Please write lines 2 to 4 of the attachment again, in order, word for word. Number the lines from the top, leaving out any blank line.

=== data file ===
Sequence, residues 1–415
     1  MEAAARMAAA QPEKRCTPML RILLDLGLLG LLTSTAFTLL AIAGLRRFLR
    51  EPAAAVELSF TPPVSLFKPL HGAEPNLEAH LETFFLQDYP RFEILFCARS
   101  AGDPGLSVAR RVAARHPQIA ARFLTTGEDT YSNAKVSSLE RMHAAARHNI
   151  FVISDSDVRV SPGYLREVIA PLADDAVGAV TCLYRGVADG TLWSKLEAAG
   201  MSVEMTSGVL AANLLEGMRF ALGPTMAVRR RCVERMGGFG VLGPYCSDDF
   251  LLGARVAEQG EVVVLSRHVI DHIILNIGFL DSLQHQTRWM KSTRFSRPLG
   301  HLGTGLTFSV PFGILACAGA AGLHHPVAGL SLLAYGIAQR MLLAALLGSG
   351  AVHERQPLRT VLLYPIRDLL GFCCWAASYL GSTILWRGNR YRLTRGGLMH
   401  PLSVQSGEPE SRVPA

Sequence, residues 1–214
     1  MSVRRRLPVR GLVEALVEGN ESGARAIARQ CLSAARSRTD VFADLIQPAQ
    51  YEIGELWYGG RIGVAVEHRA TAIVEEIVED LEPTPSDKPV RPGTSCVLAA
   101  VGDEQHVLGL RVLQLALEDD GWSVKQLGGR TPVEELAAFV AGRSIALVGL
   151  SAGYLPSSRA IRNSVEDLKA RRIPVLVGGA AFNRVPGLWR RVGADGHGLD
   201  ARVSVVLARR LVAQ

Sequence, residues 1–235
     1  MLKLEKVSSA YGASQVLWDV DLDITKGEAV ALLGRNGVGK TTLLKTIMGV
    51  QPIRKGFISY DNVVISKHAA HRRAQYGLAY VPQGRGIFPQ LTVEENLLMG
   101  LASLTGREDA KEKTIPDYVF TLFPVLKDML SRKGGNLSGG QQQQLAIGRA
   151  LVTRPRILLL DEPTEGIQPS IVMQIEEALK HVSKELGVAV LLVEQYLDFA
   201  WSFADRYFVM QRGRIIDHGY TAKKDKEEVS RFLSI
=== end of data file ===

     1  MEAAARMAAA QPEKRCTPML RILLDLGLLG LLTSTAFTLL AIAGLRRFLR
    51  EPAAAVELSF TPPVSLFKPL HGAEPNLEAH LETFFLQDYP RFEILFCARS
   101  AGDPGLSVAR RVAARHPQIA ARFLTTGEDT YSNAKVSSLE RMHAAARHNI